Hollywood Tactics: Go, Sir Lancelot, you psychotic berk! Chop that castle down with your sword! Justified, though, in that this was how Lancelot actually acted in Malory and other early sources. "Mentally unstable berserker prone to stress-induced fugue states" doesn't even begin to cover him.
Rather more specifically, this scene is a parody of the rescue of Guenevere near the end of Morte d' Arthur.
Hollywood Torches: Appear during the Camelot, Castle Anthrax, Swamp Castle and Cave of Caerbannog sequences.
Hugo Award: Nominated for Best Dramatic Presentation in 1976.
Just a Stupid Accent: John Cleese's taunting Frenchman hangs a lampshade. Further played with when one of the French knights actually does speak French (or uses commonly known French words), and the other Frenchmen don't understand a word.
Frenchman #1: C'est un cadeau! Frenchman #2: Huh? Frenchman #1: It's a present! Frenchman #2: Oh! Oui, un cadeau! Frenchman #1: Oui! Oui! Allons-y! Frenchman #2: What? Frenchman #1: Let's go. Frenchman #2: Oh!
Lampshade Hanging: Seeing as this is Monty Python, of course there's a lot of this. A notable example in the Camelot song — "but many times we're given rhymes / that are quite unsingable"... rhyming with "table".
Literal-Minded: Prince Herbert's guards are so literal in their interpretation of their orders that they allow Herbert to engineer his rescue because in the process he never does anything they were told to keep him from doing.
Miles Gloriosus: "Brave" Sir Robin, who has a troupe of troubadours to follow him about and sing of his praises. Unfortunately he runs away at the first sign of danger, and they incorporate his cowardice into their song....
Also in a deleted scene with Zoot (which does still appear in several versions of the movie) and within several other scenes throughout the film. Note of course that in most instances, the Overly-Long Gag is itself an intentional Running Gag and a Lampshade Hanging.
Red Shirt: Bors, Gawain and Ector. They appear suddenly and without introduction before The Rabbit of Caerbannog and they are promptly dispatched. (Of course, in Malory and the Vulgate Cycle these are three of Arthur's most prominent knights - Terry Jones having a bit of fun with the traditions again?)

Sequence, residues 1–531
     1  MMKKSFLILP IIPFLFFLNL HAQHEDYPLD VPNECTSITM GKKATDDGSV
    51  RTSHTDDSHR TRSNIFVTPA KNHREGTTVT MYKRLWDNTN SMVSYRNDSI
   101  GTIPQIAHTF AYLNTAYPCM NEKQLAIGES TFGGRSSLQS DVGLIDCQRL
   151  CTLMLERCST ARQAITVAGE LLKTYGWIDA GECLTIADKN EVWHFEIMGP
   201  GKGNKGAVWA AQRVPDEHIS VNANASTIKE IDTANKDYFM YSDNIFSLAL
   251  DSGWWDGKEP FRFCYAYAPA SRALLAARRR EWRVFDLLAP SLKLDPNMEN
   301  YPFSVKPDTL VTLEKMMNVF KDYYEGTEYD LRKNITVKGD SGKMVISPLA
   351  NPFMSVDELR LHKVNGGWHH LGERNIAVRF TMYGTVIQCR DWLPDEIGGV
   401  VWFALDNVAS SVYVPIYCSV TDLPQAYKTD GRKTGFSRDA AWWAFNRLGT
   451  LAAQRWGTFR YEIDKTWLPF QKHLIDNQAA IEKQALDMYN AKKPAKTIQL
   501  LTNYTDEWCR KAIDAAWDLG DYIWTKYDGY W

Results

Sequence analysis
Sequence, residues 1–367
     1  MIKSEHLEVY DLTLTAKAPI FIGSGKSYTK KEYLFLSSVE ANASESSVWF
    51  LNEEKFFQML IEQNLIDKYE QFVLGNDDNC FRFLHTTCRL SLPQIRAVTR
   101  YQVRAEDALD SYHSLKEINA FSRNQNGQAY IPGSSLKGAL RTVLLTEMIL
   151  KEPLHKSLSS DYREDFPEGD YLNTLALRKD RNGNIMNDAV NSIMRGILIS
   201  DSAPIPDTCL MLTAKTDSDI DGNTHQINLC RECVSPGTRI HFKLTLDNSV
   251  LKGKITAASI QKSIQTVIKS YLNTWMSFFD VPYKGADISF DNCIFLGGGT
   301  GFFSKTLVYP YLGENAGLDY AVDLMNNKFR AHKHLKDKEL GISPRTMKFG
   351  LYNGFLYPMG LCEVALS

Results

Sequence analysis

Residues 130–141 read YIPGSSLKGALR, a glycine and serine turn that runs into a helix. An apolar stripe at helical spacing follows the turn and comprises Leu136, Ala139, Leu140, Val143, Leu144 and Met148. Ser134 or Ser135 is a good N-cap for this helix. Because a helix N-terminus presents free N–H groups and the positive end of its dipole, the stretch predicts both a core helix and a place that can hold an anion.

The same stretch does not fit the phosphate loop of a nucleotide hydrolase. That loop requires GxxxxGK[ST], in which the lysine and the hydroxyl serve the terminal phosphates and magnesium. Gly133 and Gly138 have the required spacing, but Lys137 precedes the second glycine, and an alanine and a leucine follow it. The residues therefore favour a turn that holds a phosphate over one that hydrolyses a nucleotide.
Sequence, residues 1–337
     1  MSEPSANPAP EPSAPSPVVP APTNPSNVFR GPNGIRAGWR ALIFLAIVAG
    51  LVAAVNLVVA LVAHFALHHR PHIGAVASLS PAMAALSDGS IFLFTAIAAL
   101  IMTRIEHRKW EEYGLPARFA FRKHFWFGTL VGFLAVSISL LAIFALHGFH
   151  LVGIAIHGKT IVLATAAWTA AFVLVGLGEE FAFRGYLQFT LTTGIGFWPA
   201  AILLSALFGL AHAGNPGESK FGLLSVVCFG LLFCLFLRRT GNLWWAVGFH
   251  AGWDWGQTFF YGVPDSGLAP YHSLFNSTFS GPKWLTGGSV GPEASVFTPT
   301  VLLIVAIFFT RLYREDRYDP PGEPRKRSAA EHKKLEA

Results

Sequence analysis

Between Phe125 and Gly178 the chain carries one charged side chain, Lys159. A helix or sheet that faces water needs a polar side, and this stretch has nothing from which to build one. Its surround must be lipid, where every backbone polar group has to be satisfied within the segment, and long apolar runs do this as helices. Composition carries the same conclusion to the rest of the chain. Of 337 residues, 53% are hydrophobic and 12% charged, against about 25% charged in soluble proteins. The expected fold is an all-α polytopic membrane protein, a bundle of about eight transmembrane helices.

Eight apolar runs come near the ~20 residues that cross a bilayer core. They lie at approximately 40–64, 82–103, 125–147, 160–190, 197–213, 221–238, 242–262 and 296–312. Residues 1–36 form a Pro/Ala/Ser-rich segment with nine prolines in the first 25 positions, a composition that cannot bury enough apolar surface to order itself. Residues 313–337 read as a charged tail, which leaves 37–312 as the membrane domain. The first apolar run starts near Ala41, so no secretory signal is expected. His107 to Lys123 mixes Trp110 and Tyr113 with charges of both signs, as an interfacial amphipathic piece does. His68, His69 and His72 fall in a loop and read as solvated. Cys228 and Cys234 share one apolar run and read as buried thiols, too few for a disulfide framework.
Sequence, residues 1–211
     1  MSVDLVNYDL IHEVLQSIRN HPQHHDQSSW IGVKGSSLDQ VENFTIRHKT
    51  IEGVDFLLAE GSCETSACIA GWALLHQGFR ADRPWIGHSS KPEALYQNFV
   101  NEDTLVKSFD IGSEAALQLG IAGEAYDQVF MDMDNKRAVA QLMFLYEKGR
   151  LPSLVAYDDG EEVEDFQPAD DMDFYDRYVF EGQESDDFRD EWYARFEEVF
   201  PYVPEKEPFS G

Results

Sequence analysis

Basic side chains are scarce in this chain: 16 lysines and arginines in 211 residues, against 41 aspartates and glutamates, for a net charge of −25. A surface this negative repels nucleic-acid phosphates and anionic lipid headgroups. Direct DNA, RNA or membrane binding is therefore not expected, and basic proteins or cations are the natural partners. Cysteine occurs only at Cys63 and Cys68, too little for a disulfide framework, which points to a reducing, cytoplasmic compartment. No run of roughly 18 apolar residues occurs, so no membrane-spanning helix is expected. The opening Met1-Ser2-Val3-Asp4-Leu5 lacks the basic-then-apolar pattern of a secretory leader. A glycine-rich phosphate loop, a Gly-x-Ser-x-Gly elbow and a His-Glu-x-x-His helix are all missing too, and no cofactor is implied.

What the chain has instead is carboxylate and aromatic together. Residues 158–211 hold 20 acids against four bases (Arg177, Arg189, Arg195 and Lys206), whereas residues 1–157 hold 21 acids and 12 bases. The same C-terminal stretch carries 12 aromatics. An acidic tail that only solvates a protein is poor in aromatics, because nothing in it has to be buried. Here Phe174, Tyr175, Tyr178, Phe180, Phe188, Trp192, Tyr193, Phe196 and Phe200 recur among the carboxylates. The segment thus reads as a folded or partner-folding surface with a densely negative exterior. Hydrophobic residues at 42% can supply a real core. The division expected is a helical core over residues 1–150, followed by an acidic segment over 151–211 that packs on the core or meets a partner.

Rewriting Reality: The knights escape a cartoon monster when the animator dies of a heart attack.
Graham Chapman got so drunk, he was absolutely terrified this would happen. So a stunt double ripped off his clothes and strutted across the bridge. You might notice how strangely determined the guy looks when doing this.
Rule of Funny: The driving force behind all technology in the movie. Why else would the French have their catapults already aimed at the Britons, but unloaded? How else would one explain the existence of the Holy Hand Grenade? Okay, the movie thrives on this trope.
The counting of the Holy Hand Grenade. "Five is right out."
Also, subverted. The third castle in the swamp fared even worse than the first two. But the fourth one stayed up.
Further subverted in a scene cut from the ending sequence: The old man from scene 24 appears — for a third time, of course — as Arthur is about to board the boat to the Grail castle and intones, "He who would cross the Sea of Fate must answer these questions twenty-and-eight." Arthur just picks him up and throws him in the water before getting into the boat.
Sir Robin's minstrel: Brave Sir Robin ran away./Bravely ran away away./When danger reared it's ugly head,/He bravely turned his tail and fled./Yes, brave Sir Robin turned about/And gallantly he chickened out./Bravely taking to his feet,/He beat a very brave retreat.
Describing a woman as having "large tracts of land" accompanied by hand gestures indicating she has a large chest. The potential bride is described as having property, which, given the era, she would not have owned outright, but would have made up her dowry, to go to her husband upon marriage. Thus she was literally "well-endowed." Of course it today's language a woman is "well-endowed" if she has a large chest.
The Stinger: Aversion — a black screen and two minutes and forty seconds of repetitive organ music.
Storming the Castle: Three times: when they try to storm the French castle early on, when Lancelot attacks the castle by himself and when Arthur's army charges the French-controlled Grail castle at the climax.
Lancelot storms Anthrax to save Galahad from "almost certain temptation", and Swamp Castle to save the distressed... prince.
Stuff Blowing Up: Tim the Enchanter, to the point of interrupting the knights mid-sentence for no purpose but pyrotechnics.
Trope Overdosed: Yes and No. Given that this movie was the Trope Namer for many of the listed tropes on this page, Monty Python And The Holy Grail is only trope-overdosed in retrospect. Back when the movie premiered (in 1975), it mainly was 91 minutes of (often ground-breaking) weirdness.
Unusual Euphemism: A man in the movie wants his son to marry a woman so he can inherit her father's property, but the son is unwilling. He tries to convince him with a couple of reasons, ending off with how she has "Huge... tracts of land," with a gesture that is less suggestive of real estate and more suggestive of womanly curves.
Turned around on the knights, later. They are drained of their will by the word "it". Oddly enough, the knight says it at the top of the scene with no harm done, but then hits himself with it for damage during the fadeout.